Compared with conventional retailers, e-commerce platforms, given their wider geographic reach, have far greater freedom to specialise in a particular sector. This has given rise to several mainland-based sites emerging with a particular focus on pet products, with Boqii (shop.boqii.com) and ePet (epet.com) seen as the two front-runners in the sector.
Currently, Chongqing-based ePet has three dedicated divisions, focusing on dogs, cats and aquarium-related sales. Apart from selling food, snacks and daily supplies, the site offers more than 3,000 types of pet toys, which together, account for 10.2 per cent of the site's total product range.
The majority of the site's toys is geared towards cats or dogs and come in seven categories, including cotton, rubber, plastic and handmade. Overall, ePet's best-selling dog toy is a small talking felt turtle (Rmb9), while its most popular items for cats is a toy mouse attached to a piece of string (Rmb3.5).
The larger of the two sites, in addition to the three divisions operated by ePet, Shanghai-based Boqii offers two additional sections – small pets and reptiles. Although its range of toys is still dominated by cat and dog items, it also offers a range aimed at smaller pets (including rabbits, hamsters, chinchillas and guinea pigs) and one targetted at aquariums.
The changing demographic of pet owners has also proved to be a windfall for e-commerce operators in the sector. One young high-school teacher who owns two cats said: "When it comes to pet toys, it is not as important to check the quality beforehand as it is with food, so I tend to buy such items online."
Opportunities and Challenges
Despite the surge in pet numbers and the concurrent spending rise, the mainland pet-toy sector is still in its relative infancy, a state of play that has left the industry facing several challenges, particularly in the area of innovation.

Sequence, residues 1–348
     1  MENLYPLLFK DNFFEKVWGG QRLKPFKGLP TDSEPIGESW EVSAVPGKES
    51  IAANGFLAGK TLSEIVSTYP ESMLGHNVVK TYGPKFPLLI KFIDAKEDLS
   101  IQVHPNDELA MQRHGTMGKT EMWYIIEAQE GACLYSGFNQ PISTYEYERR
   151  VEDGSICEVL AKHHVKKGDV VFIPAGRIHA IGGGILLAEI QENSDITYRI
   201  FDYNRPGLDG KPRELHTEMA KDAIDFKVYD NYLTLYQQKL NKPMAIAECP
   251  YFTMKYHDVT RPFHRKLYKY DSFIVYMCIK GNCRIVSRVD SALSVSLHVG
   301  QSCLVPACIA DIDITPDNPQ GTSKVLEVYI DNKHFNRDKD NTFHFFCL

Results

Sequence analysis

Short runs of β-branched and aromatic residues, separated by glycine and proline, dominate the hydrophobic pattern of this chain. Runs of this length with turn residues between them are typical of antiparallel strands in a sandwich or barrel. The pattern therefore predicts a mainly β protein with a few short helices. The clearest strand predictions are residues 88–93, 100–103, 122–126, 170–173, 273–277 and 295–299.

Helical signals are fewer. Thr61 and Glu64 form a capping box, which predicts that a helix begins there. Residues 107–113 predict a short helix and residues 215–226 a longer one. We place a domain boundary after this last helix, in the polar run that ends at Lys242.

According to a report by the Qianzhan Industry Research Institute, a Shenzhen-based market research consultancy, the mainland's pet toy manufacturing sector is characterised by mass-market, low added-value production, with little or no innovation or product development. As such, genuinely new toys with contemporary designs are few and far between, while no domestic brands have really begun to build their reputation and profile in the market.
The majority of pet toys manufactured in China are destined for the export markets. As a sign of this, few pet toys come with Chinese packaging, with nearly all of them branded in English, Japanese or Korean. The mainland pet-toys sector is not obliged to conform to any industry-wide product standards, resulting in an overall lack of quality in many products currently on the market.
Given that the 2016 report identified pet toys as the second most profitable of the four categories of pet products (food, supplies, medical treatments and toys), it is clear that the sector has growth potential. As a result, a more properly regulated and innovative sector will likely emerge to fully capitalise on these dynamic opportunities.